Referring now to FIG. 15, a sound frequency spectrum is shown illustrating the effectiveness of a wideband cancellation approach on frequencies that penetrate an exemplary double-pane fenestration unit. For this example, a wideband cancellation signal was generated (e.g., generating a cancellation sound or vibration) across the range of 150 Hz to 800 Hz. As can be seen, the first major peak 1402 and the second major peak 1404 decreased substantially. In this case, however, the third major peak 1406 did not experience a similar degree of attenuation.

In accordance with various embodiments herein, a sound cancellation control module can evaluate detected vibration (such as vibration of a transparent pane) at two or more discrete frequency bands. For example, in some embodiments, the sound cancelation control module can evaluate detected vibration at from two to six discrete frequency bands. Also, in some embodiments, a sound cancellation control module can cause the vibration generator to generate vibration (or pressure waves) causing destructive interference with sound waves at two or more discrete frequency bands. For example, in some embodiments, the sound cancellation control module can cause the vibration generator to generate vibration (or pressure waves) causing destructive interference with sound waves at from two to six discrete frequency bands.

Referring now to FIG. 16, a sound frequency spectrum is shown illustrating frequency bands that are targeted for sound cancellation in accordance with various embodiments herein. In this example, there is a first discrete frequency band 1602 that surrounds the first major peak 1402. There is also a second discrete frequency band 1604 that surrounds the second major peak 1404. The first discrete frequency band 1602 and the second discrete frequency band 1604 can be separated by a bandwidth gap 1610. In addition, a low frequency bandwidth gap 1612 exists between the first discrete frequency band 1602 and 0 Hz. Further, a high frequency bandwidth gap 1614 exists above the second discrete frequency band 1604.

In some embodiments, incident sound (e.g., sound incident on panes or sheets of material herein) within bandwidth gaps 1610, 1612, and 1614 is not used by the system when performing calculations to generate phase inverted attenuating sound, vibration or pressure waves. In some embodiments, incident sound within bandwidth gaps 1602 and 1604 is used by the system, but only for purposes of measuring the magnitude of incident sound across a wide band of frequencies and/or only for purposes of measuring the magnitude of sound attenuation across a wide band of frequencies.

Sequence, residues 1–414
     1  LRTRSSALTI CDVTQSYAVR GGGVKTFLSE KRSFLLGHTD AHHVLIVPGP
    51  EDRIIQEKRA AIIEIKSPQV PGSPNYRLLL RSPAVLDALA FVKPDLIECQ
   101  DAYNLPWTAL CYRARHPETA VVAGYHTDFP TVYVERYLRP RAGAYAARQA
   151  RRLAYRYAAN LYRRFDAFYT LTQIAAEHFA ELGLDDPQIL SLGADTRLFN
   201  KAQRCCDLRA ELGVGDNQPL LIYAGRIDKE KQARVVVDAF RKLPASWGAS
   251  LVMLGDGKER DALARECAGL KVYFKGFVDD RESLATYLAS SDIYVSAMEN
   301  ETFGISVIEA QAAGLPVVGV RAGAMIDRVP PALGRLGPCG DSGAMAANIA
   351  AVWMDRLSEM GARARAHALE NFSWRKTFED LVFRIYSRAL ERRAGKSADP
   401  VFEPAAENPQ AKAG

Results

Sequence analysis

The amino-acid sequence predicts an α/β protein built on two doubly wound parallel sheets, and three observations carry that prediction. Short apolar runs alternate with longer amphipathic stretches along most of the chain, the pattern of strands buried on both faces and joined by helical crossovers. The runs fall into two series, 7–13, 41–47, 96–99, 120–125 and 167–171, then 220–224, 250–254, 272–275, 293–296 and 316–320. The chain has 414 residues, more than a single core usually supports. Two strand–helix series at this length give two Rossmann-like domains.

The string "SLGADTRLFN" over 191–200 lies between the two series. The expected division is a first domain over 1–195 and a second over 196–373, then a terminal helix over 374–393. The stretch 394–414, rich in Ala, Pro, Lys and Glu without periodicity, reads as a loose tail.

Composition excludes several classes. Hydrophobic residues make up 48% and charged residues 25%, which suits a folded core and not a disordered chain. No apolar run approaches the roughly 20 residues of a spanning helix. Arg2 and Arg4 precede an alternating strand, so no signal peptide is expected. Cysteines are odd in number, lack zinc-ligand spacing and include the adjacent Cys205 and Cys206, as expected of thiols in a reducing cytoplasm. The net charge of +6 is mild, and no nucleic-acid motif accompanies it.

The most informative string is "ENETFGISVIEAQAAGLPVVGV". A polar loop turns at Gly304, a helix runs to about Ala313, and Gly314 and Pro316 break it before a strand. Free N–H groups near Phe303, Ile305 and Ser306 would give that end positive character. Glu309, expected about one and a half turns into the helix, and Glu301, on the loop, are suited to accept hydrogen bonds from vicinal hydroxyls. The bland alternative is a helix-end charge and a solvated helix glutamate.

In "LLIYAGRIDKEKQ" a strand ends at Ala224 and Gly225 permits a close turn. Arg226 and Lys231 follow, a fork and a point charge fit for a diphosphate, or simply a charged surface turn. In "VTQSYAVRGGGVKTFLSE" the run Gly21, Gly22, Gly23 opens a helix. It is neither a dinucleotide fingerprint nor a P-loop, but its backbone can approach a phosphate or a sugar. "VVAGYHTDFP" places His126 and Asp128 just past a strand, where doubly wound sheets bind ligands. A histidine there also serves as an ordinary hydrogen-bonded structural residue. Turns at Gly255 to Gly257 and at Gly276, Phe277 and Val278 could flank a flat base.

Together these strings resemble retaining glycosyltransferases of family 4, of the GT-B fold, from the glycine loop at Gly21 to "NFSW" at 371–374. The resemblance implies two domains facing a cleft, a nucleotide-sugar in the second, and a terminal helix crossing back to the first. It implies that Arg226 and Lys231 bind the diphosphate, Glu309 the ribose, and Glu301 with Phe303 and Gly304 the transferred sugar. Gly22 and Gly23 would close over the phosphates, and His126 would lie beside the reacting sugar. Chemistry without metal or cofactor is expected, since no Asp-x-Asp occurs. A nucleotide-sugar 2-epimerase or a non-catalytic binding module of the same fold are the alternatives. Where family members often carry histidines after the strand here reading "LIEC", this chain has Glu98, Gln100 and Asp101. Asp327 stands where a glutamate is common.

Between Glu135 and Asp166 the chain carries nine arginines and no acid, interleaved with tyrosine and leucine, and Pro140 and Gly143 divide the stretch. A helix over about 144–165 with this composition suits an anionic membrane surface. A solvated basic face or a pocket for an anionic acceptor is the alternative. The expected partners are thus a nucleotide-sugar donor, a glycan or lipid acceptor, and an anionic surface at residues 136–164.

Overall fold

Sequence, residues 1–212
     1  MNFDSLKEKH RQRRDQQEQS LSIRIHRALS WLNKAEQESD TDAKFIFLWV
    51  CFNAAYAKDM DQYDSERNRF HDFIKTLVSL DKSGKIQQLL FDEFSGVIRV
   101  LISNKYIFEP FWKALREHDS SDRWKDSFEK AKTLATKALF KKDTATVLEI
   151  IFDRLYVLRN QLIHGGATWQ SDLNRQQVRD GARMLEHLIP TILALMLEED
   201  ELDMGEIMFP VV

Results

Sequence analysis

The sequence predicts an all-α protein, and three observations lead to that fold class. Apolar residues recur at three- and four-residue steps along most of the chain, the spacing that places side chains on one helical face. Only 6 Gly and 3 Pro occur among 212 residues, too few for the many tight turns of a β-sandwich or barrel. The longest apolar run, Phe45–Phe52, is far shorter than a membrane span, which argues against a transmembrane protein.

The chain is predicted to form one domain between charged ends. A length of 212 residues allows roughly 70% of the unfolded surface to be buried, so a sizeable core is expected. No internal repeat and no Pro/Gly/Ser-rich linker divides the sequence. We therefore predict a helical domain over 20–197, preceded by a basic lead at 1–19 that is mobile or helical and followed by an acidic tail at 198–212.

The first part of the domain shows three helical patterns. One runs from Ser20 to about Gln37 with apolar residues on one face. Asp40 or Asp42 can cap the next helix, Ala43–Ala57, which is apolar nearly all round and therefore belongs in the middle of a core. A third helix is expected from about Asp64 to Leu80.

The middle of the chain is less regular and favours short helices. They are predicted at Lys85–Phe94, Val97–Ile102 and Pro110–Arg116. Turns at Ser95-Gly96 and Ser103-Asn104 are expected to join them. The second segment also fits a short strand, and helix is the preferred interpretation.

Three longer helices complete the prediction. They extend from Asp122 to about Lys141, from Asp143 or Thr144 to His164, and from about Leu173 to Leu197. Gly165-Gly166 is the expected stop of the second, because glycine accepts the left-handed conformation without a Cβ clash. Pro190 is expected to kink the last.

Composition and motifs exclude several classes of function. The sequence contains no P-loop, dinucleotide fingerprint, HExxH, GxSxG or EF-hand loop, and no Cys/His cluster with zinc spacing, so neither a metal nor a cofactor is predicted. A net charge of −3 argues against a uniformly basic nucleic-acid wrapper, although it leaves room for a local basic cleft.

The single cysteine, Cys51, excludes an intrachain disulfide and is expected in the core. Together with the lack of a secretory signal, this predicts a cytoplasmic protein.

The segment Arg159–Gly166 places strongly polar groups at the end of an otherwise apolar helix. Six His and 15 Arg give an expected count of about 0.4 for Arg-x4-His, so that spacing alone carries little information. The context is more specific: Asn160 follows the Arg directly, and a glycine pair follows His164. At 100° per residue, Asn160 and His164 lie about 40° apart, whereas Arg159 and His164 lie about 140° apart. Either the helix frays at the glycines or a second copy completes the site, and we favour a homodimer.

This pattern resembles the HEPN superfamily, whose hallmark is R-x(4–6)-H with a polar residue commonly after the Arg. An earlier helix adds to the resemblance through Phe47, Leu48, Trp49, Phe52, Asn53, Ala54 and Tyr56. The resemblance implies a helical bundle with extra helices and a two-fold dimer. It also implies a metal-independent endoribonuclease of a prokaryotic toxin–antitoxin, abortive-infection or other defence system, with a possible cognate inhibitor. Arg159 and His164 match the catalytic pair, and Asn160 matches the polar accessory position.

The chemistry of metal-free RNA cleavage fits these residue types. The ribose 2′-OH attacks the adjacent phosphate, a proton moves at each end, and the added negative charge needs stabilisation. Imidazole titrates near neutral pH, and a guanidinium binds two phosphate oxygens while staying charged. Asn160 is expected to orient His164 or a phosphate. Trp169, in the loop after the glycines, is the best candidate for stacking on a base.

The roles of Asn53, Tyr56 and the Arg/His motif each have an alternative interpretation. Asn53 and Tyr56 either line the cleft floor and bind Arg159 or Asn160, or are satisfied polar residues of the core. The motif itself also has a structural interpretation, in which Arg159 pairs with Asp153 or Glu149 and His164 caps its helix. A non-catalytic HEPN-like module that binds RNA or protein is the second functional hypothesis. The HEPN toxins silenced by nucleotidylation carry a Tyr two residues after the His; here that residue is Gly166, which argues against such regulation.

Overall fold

In some embodiments, the vibration generator generates vibration such that at least 60, 70, 80, 85, 90, 95, 98, 99, or 100% of vibration generated is at frequencies falling within at least two or more discrete frequency bands.

In some embodiments, two or more discrete frequency bands have the same bandwidth size, wherein bandwidth is the difference between the upper and lower frequencies in a continuous band of frequencies. In some embodiments, two or more discrete frequency bands have different bandwidth sizes.

The bandwidth of each of the discrete frequency bands can vary in size. In some embodiments, the bandwidth of the discrete frequency bands can be about 10, 20, 30, 40, 50, 60, 70, 80, 90, 100, 120, 140, 160, 180, 200, 220, 240, 260, 280, or 300 Hz in width or can have a width falling within a range between any of the foregoing.

The gap between targeted discrete frequency bands (e.g., the bandwidth of gaps such as 1610) can vary. In some embodiments, two or more discrete frequency bands are separated from one another by at least 10, 20, 30, 40, 50, 60, 70, 80, 90,

100, 120, 150 or 200 Hz.

In some embodiments, the lowest frequency band of the two or more discrete frequency bands can cover (or at least a portion thereof) the frequencies from 260 Hz to 400 Hz, from 280 Hz to 380 Hz, from 300 Hz to 360 Hz, 320 Hz to 340 Hz, 324 Hz to 332 Hz, or 326 Hz to 330 Hz.

In some embodiments, the second lowest frequency band of the two or more discrete frequency bands can cover (or at least a portion thereof) the frequencies from 490 Hz to 630 Hz, 510 Hz to 610 Hz, 530 Hz to 590 Hz, 550 Hz to 570 Hz, 556 Hz to 564 Hz, or 558 Hz to 562 Hz.